‘If the majority of images that you see of yourself are negative,’ artist Mikael Owunna tells NPR, ‘if people who look like you are dead or dying or captured in a negative light, how do those images enter your body?’
This was a catalyst for Owunna’s photo series ‘Infinite Essence,’ a photography series that is nothing short of ethereal. The photos Owunna captured are simply stunning – but they are rooted in a much deeper place and intended to create positive associations.
Born in Pittsburgh, Pennsylvania, the Nigerian-Swedish photographer became hyper-aware of the violence against people of colour, specifically black people, relayed through the media. The proliferation of such images in recent years compelled Owunna to create a different narrative, not to cover up persistent issues, but to offer a different version of how black bodies are depicted. The 2014 killing of Michael Brown by police officer Darren Wilson was the final push that Owunna needed to explore ‘Infinite Essence.’
Owunna harked back to when he was a teenager dealing with the difficulties of being a queer, bullied, and isolated student at his Ohio boarding school. During that time, the fantasies offered through anime and video games gave him an outlet. Playing off the anime that helped him through that time, he wanted to somehow create, in real life, the sparkles – known as Bishie Sparkles – that sometimes emanate from anime figures.
So, utilizing UV paint, complete darkness, and a camera fashioned with a black light, Owunna does just that, causing the human figure to transcend the earthly and become magic.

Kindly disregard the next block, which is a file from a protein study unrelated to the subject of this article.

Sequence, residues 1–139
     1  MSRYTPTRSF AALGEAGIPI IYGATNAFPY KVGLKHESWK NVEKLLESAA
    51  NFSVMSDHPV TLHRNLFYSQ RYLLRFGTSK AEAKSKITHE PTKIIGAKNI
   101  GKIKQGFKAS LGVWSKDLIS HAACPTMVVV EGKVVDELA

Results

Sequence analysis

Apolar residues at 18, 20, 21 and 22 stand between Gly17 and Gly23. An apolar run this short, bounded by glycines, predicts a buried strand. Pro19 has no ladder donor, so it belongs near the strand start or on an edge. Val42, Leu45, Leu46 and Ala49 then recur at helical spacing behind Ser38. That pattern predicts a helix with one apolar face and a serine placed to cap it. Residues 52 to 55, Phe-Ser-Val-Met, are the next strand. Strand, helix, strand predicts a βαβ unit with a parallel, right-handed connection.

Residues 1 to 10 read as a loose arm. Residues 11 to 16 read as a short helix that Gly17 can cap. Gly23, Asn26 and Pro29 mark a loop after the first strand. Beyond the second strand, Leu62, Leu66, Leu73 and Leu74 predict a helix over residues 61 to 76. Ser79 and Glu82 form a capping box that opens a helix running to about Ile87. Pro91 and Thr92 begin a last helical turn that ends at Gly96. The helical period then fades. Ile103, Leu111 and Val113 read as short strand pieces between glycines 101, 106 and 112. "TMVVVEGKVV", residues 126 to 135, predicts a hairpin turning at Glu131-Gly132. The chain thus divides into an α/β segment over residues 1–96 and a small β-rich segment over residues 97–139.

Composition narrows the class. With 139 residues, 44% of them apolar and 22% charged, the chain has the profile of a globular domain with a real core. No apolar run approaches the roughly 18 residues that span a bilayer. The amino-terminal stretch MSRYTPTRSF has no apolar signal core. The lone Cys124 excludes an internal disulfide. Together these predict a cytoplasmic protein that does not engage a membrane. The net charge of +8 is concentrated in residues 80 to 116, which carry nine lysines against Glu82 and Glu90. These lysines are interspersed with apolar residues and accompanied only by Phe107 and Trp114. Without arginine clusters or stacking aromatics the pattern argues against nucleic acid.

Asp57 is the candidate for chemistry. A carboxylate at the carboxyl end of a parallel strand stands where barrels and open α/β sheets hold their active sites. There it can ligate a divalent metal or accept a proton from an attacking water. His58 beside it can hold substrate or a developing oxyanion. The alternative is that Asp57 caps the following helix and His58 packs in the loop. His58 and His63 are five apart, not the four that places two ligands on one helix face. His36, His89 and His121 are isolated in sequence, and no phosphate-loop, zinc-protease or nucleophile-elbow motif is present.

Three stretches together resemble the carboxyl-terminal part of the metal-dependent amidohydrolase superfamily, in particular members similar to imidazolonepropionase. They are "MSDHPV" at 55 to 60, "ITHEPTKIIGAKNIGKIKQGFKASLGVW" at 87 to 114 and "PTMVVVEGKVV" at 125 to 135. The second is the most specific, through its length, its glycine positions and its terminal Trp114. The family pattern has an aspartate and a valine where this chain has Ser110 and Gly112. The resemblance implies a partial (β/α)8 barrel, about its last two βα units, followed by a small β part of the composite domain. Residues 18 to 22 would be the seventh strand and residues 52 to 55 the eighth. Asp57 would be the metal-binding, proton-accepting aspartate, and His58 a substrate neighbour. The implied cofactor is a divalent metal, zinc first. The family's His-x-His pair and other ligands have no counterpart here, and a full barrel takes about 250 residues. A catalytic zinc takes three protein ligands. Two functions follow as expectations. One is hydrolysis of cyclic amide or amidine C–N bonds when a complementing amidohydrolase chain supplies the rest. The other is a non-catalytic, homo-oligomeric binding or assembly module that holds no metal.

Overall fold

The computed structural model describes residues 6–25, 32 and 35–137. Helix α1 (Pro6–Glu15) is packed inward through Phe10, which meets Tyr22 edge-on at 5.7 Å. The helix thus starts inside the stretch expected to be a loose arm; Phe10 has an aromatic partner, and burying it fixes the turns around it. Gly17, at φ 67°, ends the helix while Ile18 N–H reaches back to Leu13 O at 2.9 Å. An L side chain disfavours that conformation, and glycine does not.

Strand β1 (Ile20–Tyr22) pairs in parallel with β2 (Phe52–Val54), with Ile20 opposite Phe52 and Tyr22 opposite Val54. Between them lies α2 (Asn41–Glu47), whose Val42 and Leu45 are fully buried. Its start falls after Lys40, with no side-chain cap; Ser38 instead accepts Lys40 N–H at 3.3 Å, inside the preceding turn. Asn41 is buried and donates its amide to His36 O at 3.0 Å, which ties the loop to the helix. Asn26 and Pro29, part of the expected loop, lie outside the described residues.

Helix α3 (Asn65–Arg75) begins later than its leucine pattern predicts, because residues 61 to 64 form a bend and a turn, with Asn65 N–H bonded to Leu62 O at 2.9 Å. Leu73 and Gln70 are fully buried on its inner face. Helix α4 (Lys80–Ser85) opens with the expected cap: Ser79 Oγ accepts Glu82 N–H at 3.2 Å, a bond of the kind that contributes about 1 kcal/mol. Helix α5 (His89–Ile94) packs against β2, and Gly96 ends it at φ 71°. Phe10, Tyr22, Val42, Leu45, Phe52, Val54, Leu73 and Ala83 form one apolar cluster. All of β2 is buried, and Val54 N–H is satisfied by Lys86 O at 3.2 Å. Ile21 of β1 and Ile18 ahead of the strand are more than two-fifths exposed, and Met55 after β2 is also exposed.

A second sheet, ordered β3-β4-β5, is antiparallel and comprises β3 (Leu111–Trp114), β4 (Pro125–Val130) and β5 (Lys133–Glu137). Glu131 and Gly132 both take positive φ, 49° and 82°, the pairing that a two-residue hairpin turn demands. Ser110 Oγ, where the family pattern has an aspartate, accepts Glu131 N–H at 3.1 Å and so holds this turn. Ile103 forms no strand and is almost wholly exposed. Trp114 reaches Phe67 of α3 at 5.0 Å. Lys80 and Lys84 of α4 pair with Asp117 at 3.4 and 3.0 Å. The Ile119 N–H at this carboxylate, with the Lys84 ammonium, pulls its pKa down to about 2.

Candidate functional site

Hand painting his models, who have ranged from family to complete strangers, Owunna works with them for hours to capture incredible photos the painted figure, which is otherwise invisible to the naked eye. The process becomes collaborative; the models choose the paint colours, Owunna guides them through poses, all the while, trust is paramount. Owunna also guides the model to work with and against certain themes. Masculinity, for example, is a recurring theme that he and his subjects grapple with to express tenderness ‘because masculinity is never really equated with tenderness.’
He then prints the images on sheets of aluminium. His choice of substrate is two-fold as it calls on the West African tradition of metallurgy, inherently linking the models to their ancestors. Aluminium is also a soft metal and is therefore deceivingly fragile. It creates a link between his works, the ‘fragility of the black body,’ and the murder of black children in recent years – Owunna specifically references Tamir Rice (age 12), Aiyana Stanley-Jones (7), Trayvon Martin (17), and Antwon Rose Jr. (17), four young lives cut far too short.
The two-year-old project takes its name directly from the writing of Chinua Achebe on odinani (traditional Igbo spirituality) and the existence of chi. In his essay ‘Chi in Igbo Cosmology,’ Achebe questions: ‘[…] is chi an infinitesimal manifestation of Chukwu’s infinite essence given to each of us separately and uniquely, a single ray from the sun’s boundless radiance?’ ‘I have started this series with more questions than answers,’ says Owunna in his statement for the series. ‘But with each click of my camera working to decipher a bit more of the puzzle of this blessing of life in the black body.’
‘[R}egardless of our experiences of oppression on the physical plane,’ says Owunna. ‘[W]e are infinite. As infinite as the universe, and the stardust that forms every fiber of our beings.’ His photographs elevate the bodies of his subjects to the celestial, showing the often-hidden universe inside of each figure as a counter to the ‘trope of the black body as a site of death.’